In the transitioning Cape Town neighborhood of Woodstock, which out-Missions the Mission, this espresso bar and roaster perhaps looks like no other you’ve seen before. Located inside the newly-art-conscious Old Biscuit Mill, this small space is a pristine, stark black-&-white-themed coffee lab that exudes meticulous organization. The Old Biscuit Mill is known in town for Cape Town’s original gourmet food market (and hipster Mecca) that it hosts each Saturday — giving Espresso Lab Microroasters a little bit of the small-operation, gourmet-public-market-based origins familiar to the Bay Area’s Blue Bottle Coffee.
The periodic table of the chemical elements features heavily in the highly consistent theme of this roaster/café. It shows in the elemental-looking coffee drink menu printed on the white tile walls (those “atomic weights” in the photo are actually prices in South African Rands), through to the labeled chem-lab-looking buckets of unroasted green beans, and all the way to the company T-shirts packaged in silver ziploc bags labeled with the “element” Ts for T-shirt.
Opening a little over a year ago, they have three internal benches for seating plus a couple of outdoor patio tables. In back is a black & white Diedrich IR-7 roaster. In front they offer Hario Buono kettle/V60 drip coffee — their “Artisinal Brew” (Ab). Renato, co-owner with Helene, noted how the locals still haven’t made a leap to filter coffee just yet. However, he is assisting in the opening of a pour-over bar (with Espresso Lab Microroasters’ coffee) in Stellenbosch — part of Cape Town’s famed nearby winelands and their associated fine dining establishments. (Stellenbosch is very much akin to the Napa Valley when compared to Cape Town’s San Francisco.)
Although the pour-over uptake may be slow at this location, there’s plenty of espresso to be had from their two-group La Marzocco GB/5, where you have the choice of an espresso blend or (on the day’s visit) a single-origin Kenya. The Kenya, Gichatha-ini from the Gikanda Farmers Co-Operative Society, won the SCAA’s Best of Kenya. Cup of Excellence still doesn’t exist in Africa outside of Rwanda.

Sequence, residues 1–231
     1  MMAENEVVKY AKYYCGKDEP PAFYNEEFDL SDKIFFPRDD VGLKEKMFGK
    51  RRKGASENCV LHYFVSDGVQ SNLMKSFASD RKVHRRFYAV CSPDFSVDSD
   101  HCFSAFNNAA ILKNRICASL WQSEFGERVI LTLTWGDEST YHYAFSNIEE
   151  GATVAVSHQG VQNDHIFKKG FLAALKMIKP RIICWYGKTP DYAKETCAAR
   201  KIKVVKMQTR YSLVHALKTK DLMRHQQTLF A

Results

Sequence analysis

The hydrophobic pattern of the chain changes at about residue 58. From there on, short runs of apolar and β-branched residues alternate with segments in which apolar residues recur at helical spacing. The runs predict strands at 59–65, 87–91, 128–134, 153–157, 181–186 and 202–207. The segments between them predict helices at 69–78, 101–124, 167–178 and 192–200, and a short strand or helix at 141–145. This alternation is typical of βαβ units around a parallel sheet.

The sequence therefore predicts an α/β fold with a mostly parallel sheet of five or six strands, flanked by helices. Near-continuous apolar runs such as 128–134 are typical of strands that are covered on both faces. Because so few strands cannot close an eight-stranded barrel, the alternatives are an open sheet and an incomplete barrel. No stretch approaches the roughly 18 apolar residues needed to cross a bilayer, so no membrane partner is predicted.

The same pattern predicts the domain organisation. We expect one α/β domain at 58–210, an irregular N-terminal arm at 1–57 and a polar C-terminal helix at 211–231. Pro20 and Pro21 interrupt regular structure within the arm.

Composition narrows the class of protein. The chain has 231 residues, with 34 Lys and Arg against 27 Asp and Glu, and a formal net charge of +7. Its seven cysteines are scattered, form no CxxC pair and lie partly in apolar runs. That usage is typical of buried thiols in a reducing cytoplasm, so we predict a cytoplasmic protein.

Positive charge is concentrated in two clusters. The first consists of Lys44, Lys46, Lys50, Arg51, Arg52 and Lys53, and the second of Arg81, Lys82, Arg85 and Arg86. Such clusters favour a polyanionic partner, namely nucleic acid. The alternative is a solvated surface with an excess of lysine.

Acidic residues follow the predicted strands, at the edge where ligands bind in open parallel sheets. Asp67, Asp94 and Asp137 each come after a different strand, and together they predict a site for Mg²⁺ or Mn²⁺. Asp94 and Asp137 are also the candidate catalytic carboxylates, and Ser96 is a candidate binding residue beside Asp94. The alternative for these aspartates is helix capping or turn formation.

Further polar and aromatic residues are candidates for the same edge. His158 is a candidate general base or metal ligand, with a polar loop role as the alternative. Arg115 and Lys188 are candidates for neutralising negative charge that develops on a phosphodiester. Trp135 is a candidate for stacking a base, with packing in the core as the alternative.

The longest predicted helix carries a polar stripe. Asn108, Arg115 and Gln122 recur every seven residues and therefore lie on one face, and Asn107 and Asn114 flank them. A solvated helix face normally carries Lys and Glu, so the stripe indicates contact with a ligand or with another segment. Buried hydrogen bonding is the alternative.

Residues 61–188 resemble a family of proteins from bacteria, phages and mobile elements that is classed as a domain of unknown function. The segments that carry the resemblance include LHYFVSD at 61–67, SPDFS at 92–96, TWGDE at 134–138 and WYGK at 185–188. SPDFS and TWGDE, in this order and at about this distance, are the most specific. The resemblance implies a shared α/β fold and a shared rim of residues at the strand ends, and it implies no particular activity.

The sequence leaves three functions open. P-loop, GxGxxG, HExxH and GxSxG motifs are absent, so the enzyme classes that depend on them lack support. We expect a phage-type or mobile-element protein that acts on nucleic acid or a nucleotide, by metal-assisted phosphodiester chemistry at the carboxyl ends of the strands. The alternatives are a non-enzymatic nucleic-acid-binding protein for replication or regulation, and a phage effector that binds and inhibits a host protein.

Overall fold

Their Esp008 espresso blend (rated here) uses 40% Serra do Boné Brazil as a base, 40% Puente Ecológico Tarrazú Costa Rica for the midrange, and 20% Guji Ethiopia for brightness and “wildness”. Their espresso blends vary mostly by different African varietals for that last 20%, and they emphasize changes in blending ratios — rather than using additional microlot farms or roasting the coffees differently for different blends or uses.
The Esp008 espresso blend shot (R14, or about $2 US) is dense without being too syrupy — with a textured dark-to-medium-brown crema and an upfront sweetness that’s not too off-putting. Still, its citric bite on top of an herbal background makes for a uniquely layered espresso flavor — one that Renato says is influenced by the lighter roasts of his Oslo, Norway coffee upbringing combined with his Portuguese roots and what Africa adds to the cup. Renato’s Norwegian influences include former WBC champ, Tim Wendelboe, and it shows in the lighter roasting styles and the feel of this space.
Their shot of single-origin Kenya (also used for their “Artisinal Brew” pour-over) was super bright with a pleasant floral and citric base — but without being a brightness bomb. They also offer something they call a cortado, which is pretty much the same as an American Gilbraltar out of a Gibraltar glass. And for milk-frothing, they produce rather exquisite latte art with fine surface bubbles. This is a fine and somewhat unique example of what South African espresso has to offer.
Read the review of Espresso Lab Microroasters in Woodstock, Cape Town, South Africa.
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